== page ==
Remarks by Ambassador Patricia M. Haslach at the International Women in Business Luncheon

“TED TALK Style” Remarks by Patricia Haslach
U.S. Ambassador to Ethiopia at the International Women in Business Luncheon
Tuesday , May 17, 2016
Radisson Blu Hotel, Addis Ababa

(As prepared for delievery)

Distinguished guests,


Good afternoon!

Thank you for coming today and taking time out of your busy schedules. It great to have a room full of such outstanding business leaders, and friends and colleagues. I am thankful for all the opportunities to engage with women business leaders like you.

Welcome to this luncheon to celebrate and discuss women’s economic empowerment and business opportunities. As you may have heard me say before, many of the most significant and meaningful moments during my Ambassadorship have been working on issues that affect women and girls and I am proud of all that our Embassy team has been able to accomplish, especially when it comes to having important discussions like we will have today.

This month is World Trade Month and it provides a great opportunity to continue the celebration of international women business leaders. I would like to extend my gratitude to all of you in the audience who have also contributed to the empowerment of women and girls and have served as mentors and “Temsalets” yourselves! At the U.S. Embassy, we work on improving the quality of life for women through healthcare, education, business workshops and entrepreneurial training and networking opportunities, to promoting gender equality and safety. I have tried to make this focus a part of all of our embassy outreach activities.

Thanks to the U.S. Foreign Commercial Service for bringing together such a powerful and innovative group of international business women. There are tremendous “human” resources in this room.  We also have with us today the Honorable Eleni Gabre-Madhin, who many of you know from her work with the Ethiopian Commodity Exchange. Thank you Dr. Eleni for joining us today. I am excited to have this opportunity to do my own “TED TALK” on Leadership and Mentoring today.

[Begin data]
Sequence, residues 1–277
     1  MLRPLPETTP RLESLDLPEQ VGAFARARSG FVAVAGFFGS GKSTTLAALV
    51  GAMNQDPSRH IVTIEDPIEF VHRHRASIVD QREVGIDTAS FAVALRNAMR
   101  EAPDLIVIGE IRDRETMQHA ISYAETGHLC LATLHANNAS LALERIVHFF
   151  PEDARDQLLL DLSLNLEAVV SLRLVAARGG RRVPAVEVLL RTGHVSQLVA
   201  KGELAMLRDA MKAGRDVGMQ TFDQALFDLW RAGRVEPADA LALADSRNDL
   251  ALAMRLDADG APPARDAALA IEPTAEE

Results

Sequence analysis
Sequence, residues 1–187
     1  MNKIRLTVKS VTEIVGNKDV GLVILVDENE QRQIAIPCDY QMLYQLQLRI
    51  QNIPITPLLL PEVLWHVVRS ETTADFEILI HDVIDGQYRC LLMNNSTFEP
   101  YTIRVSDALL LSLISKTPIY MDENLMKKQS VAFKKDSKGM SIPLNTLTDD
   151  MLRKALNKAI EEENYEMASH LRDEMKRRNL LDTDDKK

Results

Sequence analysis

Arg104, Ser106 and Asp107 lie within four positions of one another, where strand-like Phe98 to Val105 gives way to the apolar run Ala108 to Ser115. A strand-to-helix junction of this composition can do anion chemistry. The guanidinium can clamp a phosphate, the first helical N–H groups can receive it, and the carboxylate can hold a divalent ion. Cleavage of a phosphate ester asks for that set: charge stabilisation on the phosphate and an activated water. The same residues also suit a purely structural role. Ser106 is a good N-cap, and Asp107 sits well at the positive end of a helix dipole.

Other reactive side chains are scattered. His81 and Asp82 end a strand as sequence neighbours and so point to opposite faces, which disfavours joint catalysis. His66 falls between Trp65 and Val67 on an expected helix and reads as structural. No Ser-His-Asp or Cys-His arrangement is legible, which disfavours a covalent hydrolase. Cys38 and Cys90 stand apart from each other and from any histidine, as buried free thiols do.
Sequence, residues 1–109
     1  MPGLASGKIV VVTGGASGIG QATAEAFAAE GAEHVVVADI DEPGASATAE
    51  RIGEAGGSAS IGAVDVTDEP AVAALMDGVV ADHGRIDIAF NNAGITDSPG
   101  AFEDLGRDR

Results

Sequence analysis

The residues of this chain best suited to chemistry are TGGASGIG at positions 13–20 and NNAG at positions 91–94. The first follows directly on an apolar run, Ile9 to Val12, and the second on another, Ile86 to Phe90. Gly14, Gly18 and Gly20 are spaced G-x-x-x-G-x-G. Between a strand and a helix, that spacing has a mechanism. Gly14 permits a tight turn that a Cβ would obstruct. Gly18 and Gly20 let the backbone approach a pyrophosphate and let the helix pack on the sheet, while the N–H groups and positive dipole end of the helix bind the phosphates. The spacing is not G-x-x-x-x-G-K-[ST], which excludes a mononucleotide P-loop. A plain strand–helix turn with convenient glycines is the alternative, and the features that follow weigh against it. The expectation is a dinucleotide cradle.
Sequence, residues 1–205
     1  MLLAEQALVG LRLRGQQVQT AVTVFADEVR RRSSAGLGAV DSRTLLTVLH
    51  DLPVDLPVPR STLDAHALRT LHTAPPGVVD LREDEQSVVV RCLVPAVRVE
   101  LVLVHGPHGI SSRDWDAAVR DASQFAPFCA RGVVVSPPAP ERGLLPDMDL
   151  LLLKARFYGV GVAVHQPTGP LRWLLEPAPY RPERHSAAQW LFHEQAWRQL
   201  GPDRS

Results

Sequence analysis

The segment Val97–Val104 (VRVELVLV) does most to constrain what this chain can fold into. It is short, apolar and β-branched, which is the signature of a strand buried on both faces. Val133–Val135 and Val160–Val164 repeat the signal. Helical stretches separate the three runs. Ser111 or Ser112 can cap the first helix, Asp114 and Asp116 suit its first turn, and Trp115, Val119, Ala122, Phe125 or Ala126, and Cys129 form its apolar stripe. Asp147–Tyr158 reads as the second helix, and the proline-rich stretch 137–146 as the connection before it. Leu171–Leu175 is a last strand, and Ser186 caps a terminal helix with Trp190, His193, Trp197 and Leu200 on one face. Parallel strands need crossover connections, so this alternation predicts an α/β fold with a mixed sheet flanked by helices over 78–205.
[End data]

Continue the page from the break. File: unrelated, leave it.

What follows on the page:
As the mother of two grown daughters, woman empowerment is a life-time priority for me that I take very seriously. I have always tried to make these skills part of everything that I do as a mother, friend  and a diplomat.  Strong girls, and strong women are critical to success of and in our societies. Leadership and mentoring other women has always been a top priority for me. As I reflect on my career and my successes, I know that I did not make the journey here alone. I was lucky to have the support of my family, friends, teachers and mentors along the way. Growing up in Lake Oswego, Oregon with my parents and four siblings, I had a wonderful childhood and developed a strong connection to my home state. However, I was also curious to see the world. While I was a student at Gonzaga University, I spent a year in Italy and later went to the then-Soviet Union. Those experiences led me to earn a master’s degree in international affairs from Columbia University and to begin a career in diplomacy.

I was once asked why I chose to make my career in diplomacy. Well, I didn’t actually choose diplomacy. I wanted to combine my love of travel and my goal of visiting every country in the world with a job.  Diplomacy combines those!  My high school French teacher was really the first person to instill that in me – the desire to travel and the desire to learn languages.  I actually started my career with the Foreign Agricultural Service and then I switched over to the Department of State, where I’ve had a wonderfully rich career.  I’m very lucky that I’ve been able to combine what I love to do personally with my job.

Throughout my career, I have worked on development and diplomacy issues in countries undergoing transition, including here in Ethiopia. Despite the great variety that I have experienced during my career, it always strikes me how much we all have in common.  Developing and managing businesses requires many of the same skills that we learn early in our careers from maintaining and running a household. We learn to plan in advance and have a strategy for getting things done. We also learn to build a network that we can rely on, which is the opportunity that we have today at this luncheon. Every job has presented a challenge.  But these skills have served me along the way. (you can elaborate more on the role of women)

My graduate degree focused on Western European affairs, economics, and trade.  But, I’ve only served in Europe once. It has been interesting because throughout my career, various opportunities have presented themselves and I would decide to go for them.  I was delighted to be selected to come to Ethiopia as Ambassador.  I wanted to come here specifically because I had worked on issues related to Ethiopia since the beginning of my career in the 1980s and felt a deep connection to this country.  I wanted to work on issues focus on preventing famine, which disproportionately affects women and girls. As for challenges, I must admit that I have only been able to master a tiny bit of Amharic while being here – “tin-nish beach-a”! 

As Ambassador, I have been proud to be part of the diplomatic community here and I want to share some of the tips that I have used to mentor my staff and other women colleagues along the way.  I would like to highlight five leadership skills that have successfully guided me in my journey: